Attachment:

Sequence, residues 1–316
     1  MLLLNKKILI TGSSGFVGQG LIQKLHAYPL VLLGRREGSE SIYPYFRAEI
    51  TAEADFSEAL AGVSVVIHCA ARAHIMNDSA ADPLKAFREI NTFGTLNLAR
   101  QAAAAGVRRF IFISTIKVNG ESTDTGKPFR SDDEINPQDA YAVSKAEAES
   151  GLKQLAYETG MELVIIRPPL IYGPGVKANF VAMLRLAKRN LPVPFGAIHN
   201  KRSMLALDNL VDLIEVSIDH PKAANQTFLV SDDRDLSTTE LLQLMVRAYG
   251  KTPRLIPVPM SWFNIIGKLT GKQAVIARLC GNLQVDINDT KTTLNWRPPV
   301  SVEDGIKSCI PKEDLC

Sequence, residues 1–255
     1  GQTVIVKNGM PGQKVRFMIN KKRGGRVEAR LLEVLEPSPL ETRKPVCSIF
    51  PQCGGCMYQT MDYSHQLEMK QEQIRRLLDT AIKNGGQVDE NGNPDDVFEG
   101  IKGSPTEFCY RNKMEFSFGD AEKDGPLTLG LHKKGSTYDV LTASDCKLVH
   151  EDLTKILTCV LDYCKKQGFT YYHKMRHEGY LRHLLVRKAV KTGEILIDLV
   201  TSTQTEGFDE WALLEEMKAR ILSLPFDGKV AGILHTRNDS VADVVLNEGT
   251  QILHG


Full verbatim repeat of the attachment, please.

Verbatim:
Sequence, residues 1–316
     1  MLLLNKKILI TGSSGFVGQG LIQKLHAYPL VLLGRREGSE SIYPYFRAEI
    51  TAEADFSEAL AGVSVVIHCA ARAHIMNDSA ADPLKAFREI NTFGTLNLAR
   101  QAAAAGVRRF IFISTIKVNG ESTDTGKPFR SDDEINPQDA YAVSKAEAES
   151  GLKQLAYETG MELVIIRPPL IYGPGVKANF VAMLRLAKRN LPVPFGAIHN
   201  KRSMLALDNL VDLIEVSIDH PKAANQTFLV SDDRDLSTTE LLQLMVRAYG
   251  KTPRLIPVPM SWFNIIGKLT GKQAVIARLC GNLQVDINDT KTTLNWRPPV
   301  SVEDGIKSCI PKEDLC

Sequence, residues 1–255
     1  GQTVIVKNGM PGQKVRFMIN KKRGGRVEAR LLEVLEPSPL ETRKPVCSIF
    51  PQCGGCMYQT MDYSHQLEMK QEQIRRLLDT AIKNGGQVDE NGNPDDVFEG
   101  IKGSPTEFCY RNKMEFSFGD AEKDGPLTLG LHKKGSTYDV LTASDCKLVH
   151  EDLTKILTCV LDYCKKQGFT YYHKMRHEGY LRHLLVRKAV KTGEILIDLV
   201  TSTQTEGFDE WALLEEMKAR ILSLPFDGKV AGILHTRNDS VADVVLNEGT
   251  QILHG